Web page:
Or another common approach is to segment based on where the customer is in their decision-making process. This approach could address the early stages of identifying a need, gathering information on options, engaging with their ‘top 2 or 3’ to learn more and compare them based on a fixed set of criteria…to first-time buyer, repeat buyer, and loyal customer.
This data can help identify those most likely to buy and become loyal, long-term customers, with a high-lifetime vale.
And it can help identify those that are least likely to buy so you can qualify and determine what resources should be invested in them to maximize your success.
Capturing this data takes time, and efficient processes to ensure accuracy – and failure to have efficient processes in place can lead to a lack of quality data.
And what typically happens with low-quality data is that it drives low-quality decisions – which costs businesses opportunities, and can lead some to believe that this isn’t worth the effort.
And when someone arrives at ‘this isn’t worth the effort,’ that low-quality data drives the low-quality decision to terminate rather than to fix processes.
A Few Closing Thoughts on Email Segmentation for Consumer Audiences
Download Your Complimentary Consumer & Business Buyer Persona Templates
Simply complete this form, then click the button and I will email you my Consumer and Business Buyer Persona Templates.
Above is an example of a consumer persona – which uses geographic, psychographic, and behavioral factors to turn data into a ‘real person’, who was named ‘Traveling Tina’.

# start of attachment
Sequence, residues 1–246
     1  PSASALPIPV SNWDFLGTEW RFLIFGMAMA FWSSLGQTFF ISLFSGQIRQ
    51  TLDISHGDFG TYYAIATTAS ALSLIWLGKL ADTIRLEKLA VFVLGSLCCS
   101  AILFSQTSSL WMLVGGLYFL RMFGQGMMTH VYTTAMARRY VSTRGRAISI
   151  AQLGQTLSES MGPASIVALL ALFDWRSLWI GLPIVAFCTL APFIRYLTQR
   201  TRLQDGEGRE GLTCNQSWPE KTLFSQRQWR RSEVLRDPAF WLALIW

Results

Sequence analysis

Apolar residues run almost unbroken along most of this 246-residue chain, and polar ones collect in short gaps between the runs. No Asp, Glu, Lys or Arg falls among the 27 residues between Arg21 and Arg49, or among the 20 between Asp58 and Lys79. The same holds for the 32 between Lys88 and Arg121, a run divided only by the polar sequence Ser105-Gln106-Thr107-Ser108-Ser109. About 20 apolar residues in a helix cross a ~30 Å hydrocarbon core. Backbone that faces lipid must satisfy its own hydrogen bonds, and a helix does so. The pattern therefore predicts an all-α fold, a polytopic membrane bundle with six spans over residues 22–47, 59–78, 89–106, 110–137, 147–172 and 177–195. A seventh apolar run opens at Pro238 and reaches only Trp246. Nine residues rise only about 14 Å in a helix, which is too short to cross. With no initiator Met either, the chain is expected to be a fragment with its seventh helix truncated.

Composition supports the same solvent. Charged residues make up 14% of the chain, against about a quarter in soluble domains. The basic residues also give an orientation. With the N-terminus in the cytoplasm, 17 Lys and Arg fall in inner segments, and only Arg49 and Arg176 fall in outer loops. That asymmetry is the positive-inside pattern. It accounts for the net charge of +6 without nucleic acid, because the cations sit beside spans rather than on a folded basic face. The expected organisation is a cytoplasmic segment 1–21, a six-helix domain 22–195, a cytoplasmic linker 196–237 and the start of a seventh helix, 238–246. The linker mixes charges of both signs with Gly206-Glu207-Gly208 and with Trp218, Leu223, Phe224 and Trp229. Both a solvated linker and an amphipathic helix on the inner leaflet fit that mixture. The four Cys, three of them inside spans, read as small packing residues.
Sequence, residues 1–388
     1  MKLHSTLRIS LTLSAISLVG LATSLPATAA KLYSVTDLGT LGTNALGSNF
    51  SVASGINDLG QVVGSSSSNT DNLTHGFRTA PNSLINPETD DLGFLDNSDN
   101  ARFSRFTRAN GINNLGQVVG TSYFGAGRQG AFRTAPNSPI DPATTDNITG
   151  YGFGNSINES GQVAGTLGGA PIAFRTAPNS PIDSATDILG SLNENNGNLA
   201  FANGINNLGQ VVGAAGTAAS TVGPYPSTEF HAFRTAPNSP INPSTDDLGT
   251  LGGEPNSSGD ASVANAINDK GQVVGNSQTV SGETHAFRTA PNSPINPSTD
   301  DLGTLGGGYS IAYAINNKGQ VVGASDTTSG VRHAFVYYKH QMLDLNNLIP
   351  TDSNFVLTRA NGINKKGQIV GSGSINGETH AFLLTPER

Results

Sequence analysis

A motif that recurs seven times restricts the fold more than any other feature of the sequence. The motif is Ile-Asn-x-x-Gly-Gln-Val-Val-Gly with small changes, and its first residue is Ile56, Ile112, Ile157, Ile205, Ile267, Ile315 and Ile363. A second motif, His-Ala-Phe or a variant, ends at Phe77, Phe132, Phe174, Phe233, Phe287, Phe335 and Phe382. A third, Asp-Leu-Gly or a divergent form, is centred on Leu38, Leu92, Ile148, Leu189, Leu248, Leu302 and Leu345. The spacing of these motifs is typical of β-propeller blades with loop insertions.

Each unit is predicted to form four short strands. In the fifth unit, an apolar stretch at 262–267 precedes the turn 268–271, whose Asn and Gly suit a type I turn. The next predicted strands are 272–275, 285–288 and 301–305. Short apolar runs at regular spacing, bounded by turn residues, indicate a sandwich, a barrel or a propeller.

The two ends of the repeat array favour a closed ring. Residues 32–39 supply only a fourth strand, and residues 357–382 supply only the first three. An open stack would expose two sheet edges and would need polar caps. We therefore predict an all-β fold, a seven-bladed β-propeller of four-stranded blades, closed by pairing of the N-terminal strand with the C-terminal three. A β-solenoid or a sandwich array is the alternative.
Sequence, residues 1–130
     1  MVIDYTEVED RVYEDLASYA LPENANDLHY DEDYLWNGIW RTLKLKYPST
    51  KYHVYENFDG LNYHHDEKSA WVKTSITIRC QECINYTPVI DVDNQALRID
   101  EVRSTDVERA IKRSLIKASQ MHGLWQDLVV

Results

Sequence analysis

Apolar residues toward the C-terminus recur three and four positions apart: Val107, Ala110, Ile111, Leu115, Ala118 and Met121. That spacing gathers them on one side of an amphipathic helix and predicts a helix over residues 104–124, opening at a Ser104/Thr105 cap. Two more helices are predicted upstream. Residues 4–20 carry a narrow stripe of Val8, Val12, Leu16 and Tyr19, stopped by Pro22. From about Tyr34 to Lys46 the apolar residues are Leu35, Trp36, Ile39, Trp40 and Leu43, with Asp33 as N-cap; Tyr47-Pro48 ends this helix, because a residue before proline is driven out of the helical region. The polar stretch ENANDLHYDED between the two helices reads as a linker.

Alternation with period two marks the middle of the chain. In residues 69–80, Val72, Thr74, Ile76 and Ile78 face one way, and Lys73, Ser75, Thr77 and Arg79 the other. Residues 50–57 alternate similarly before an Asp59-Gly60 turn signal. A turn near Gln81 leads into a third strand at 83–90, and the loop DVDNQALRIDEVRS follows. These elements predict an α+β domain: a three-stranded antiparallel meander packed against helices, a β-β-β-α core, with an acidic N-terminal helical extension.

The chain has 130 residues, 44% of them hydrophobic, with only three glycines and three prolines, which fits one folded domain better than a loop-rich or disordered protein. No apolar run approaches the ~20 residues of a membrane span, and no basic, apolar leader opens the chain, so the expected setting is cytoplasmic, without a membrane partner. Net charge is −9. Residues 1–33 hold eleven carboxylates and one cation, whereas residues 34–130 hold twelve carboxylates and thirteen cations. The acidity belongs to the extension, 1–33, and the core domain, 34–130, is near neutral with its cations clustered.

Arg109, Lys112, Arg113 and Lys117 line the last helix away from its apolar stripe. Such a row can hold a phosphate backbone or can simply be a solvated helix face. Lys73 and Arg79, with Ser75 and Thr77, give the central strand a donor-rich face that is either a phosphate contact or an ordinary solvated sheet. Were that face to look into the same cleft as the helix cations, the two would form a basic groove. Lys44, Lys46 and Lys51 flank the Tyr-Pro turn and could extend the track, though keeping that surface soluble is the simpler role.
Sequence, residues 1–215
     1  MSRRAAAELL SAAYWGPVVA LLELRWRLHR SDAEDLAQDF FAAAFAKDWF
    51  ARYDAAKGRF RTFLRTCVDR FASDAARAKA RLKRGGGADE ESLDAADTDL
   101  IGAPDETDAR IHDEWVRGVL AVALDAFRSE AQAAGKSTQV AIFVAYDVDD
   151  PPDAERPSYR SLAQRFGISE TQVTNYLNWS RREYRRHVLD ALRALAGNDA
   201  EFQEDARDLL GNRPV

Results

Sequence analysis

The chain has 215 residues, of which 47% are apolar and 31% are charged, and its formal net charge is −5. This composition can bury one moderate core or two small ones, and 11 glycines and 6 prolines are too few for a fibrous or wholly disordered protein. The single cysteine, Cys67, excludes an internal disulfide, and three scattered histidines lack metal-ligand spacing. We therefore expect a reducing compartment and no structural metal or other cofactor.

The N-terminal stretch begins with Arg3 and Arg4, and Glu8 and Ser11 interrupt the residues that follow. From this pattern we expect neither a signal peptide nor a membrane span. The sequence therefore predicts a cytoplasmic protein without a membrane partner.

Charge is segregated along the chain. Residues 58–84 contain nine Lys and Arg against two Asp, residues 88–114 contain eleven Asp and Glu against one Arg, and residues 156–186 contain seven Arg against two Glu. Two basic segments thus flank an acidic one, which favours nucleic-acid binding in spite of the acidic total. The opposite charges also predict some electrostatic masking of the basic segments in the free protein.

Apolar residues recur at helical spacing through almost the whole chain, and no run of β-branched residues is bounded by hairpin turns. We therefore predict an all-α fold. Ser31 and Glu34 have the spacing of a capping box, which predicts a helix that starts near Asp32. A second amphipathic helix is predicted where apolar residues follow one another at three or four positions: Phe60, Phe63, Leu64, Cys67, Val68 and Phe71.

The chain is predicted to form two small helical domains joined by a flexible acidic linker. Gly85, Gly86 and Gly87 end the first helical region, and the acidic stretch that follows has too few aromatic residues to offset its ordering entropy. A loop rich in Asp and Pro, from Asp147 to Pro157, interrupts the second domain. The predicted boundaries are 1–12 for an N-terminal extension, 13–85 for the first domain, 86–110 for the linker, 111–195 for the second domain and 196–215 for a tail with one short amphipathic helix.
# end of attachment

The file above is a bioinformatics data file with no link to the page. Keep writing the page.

The way ‘Traveling Tina’ was ‘created’ was by taking existing customer data and working with a database/list broker like Claritas PRIZM.
Claritas appended their data to my client’s data, which led to the identification of 3 significant segments doing business with my client. Tina happens to be one of them.
Take a look at the detail – and know that this helped our email marketing efforts by having us focus on topics of interest and selection criteria that mattered to members of this segment.
The results were double-digit increases in open rates, click rates, and sales.
Did it take some time?
Yes – from start to in-market tests, about three months but that including the identification of the segments as well as the creation of relevant emails and offers for each segment.
Did it take some money?
Yes – but not nearly as much as most assume. Under $10,000 for segmentation with the email campaign development falling under ‘staff compensation.’ (They were getting paid to work, and all this led to was new creative briefs that directed their work efforts.)
Did it generate an acceptable ROI?
Yes. With double-digit increases in leads generated, sales closed, and repeat purchases; the result was extremely profitable for the client.